Body and Soul
(page 5 of 5)
HEALING WATERS OF THE WOOD RIVER VALLEY
Public Soaks for Public Health
When Guyer Hot Springs Hotel and Bath opened on July 4th, 1882, three miles outside of Ketchum, it was the Wood River Valley’s first true “resort.”
Unlike Sun Valley today, where the main attractions are snow and sunshine, the offerings at Guyer Hot Springs Hotel and Bath were steamier: a naturally-heated plunge bath and a swimming pool on a gorgeous piece of property in the Warm Springs area filled with cherry, apple, pear and plum trees. Apart from the grounds’ natural beauty, the secret to Guyer’s success was no mystery: the hot springs held healing waters. And resorts like Guyer advertised as much. The medical establishment of the 19th century praised geothermal baths for their medicinal benefits, despite almost no serious investigations, claiming that the mineral-rich waters could treat cases of rheumatism, skin and blood diseases, and even nervous disorders. Ketchum’s original tourist attraction, consequently, was more than a garden paradise and a grand time. It was a “curative” retreat, the centerpiece of which was the water, superheated along fault zones miles underground and still steaming at the surface.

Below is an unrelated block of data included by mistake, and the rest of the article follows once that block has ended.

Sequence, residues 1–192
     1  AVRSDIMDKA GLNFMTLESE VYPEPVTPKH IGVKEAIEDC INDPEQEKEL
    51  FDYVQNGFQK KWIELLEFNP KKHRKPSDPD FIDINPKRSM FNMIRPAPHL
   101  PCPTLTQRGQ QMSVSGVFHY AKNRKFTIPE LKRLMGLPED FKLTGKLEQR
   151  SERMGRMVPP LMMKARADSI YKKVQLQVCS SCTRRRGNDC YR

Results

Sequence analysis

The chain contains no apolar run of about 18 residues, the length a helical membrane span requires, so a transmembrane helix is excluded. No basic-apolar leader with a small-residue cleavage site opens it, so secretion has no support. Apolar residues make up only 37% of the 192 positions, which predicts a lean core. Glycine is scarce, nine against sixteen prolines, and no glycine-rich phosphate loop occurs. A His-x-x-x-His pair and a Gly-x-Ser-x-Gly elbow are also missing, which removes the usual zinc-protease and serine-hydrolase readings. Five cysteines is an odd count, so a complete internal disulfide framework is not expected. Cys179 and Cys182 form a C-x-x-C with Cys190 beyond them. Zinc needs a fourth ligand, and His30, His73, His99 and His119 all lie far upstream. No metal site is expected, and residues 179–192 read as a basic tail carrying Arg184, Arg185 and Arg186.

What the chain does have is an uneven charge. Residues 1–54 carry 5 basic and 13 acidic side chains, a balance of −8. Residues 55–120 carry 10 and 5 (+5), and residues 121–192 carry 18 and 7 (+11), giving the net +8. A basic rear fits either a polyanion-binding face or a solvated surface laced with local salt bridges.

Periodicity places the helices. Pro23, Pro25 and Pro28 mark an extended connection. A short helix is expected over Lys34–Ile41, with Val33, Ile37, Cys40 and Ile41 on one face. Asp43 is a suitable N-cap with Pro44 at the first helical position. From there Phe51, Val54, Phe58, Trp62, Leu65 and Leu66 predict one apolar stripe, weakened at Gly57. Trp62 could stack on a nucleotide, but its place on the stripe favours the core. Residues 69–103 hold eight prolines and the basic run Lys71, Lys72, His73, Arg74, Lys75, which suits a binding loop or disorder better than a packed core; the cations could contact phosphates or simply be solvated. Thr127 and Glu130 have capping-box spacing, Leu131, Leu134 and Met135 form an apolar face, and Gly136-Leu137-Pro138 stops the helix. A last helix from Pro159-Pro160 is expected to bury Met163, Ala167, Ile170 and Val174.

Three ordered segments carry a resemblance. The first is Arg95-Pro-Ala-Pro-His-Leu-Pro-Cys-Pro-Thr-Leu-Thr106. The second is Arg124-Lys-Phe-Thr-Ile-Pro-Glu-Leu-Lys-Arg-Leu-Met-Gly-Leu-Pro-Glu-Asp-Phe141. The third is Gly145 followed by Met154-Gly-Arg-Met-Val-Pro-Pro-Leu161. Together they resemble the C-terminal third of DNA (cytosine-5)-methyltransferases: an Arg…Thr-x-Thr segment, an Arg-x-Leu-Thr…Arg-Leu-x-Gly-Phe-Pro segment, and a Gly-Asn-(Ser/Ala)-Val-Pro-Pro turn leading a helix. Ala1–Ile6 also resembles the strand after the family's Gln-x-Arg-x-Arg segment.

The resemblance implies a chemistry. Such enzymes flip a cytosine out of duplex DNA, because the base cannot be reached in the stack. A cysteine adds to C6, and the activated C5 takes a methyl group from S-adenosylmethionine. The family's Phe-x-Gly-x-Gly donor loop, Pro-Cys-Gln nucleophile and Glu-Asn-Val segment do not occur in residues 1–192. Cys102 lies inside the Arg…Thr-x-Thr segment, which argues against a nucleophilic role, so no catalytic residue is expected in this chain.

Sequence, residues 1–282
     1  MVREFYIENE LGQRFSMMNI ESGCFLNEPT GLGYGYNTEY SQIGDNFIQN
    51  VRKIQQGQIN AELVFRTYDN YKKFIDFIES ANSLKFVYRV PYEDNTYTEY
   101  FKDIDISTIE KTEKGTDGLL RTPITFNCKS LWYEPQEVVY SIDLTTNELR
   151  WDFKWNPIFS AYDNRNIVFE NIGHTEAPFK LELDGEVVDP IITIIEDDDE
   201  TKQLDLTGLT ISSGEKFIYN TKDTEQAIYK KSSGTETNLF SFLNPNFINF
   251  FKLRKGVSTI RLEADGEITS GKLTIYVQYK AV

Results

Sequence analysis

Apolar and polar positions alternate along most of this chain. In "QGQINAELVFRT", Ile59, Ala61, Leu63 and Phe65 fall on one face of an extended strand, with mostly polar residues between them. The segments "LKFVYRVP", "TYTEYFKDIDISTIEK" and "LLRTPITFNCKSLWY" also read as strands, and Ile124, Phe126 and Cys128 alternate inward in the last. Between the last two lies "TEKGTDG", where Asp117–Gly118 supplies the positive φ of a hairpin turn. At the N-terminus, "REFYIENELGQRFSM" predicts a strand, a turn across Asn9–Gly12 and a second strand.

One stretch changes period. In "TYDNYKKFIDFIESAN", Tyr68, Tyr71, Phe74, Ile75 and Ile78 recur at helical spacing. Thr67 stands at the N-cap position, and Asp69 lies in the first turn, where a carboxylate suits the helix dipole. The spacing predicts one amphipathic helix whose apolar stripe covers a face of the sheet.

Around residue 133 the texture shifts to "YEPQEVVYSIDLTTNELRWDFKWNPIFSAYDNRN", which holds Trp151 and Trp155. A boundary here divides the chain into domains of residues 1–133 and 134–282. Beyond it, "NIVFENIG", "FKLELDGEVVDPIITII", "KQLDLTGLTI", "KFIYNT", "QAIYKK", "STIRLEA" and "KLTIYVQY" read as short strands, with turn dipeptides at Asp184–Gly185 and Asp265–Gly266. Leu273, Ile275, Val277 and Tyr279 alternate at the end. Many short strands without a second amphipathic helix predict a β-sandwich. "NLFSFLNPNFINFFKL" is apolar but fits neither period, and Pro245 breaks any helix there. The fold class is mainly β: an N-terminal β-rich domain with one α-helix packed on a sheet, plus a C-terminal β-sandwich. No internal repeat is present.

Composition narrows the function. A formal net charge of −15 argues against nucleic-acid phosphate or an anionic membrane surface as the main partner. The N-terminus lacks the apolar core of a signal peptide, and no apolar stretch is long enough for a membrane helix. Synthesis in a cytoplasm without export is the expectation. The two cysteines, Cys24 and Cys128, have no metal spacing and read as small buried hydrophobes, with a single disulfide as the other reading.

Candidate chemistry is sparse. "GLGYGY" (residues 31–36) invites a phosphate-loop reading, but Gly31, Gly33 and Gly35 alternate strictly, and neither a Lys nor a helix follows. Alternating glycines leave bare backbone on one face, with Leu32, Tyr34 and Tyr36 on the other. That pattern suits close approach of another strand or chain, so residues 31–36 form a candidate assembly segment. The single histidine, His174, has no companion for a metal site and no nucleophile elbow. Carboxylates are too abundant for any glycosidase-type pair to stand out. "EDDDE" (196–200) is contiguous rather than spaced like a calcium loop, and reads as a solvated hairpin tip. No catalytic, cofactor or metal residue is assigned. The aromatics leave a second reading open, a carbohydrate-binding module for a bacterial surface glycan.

The historical use of water therapy is nearly universal. Archaeologists have found evidence of bathing rooms at the ancient Greek palace of Knossos dating back to 1700 B.C.E., and in Japan the “onsen,” or hot spring, has been a part of society for a millennia, even finding acceptance as a form of treatment at many of the national hospitals. More recently, the therapeutic use of mineral waters through immersion, known as “balneotherapy,” has undergone increased medical consideration.
Whether or not hot springs can treat one’s health problems, their good-time value is undisputed, and nothing calms the mind like a warm soak on the banks of a wild river.
With more soakable hot springs than any other state, Idaho is ripe with such healing waters and well-suited for some unofficial balneological research almost any day of the year. -Alec Barfield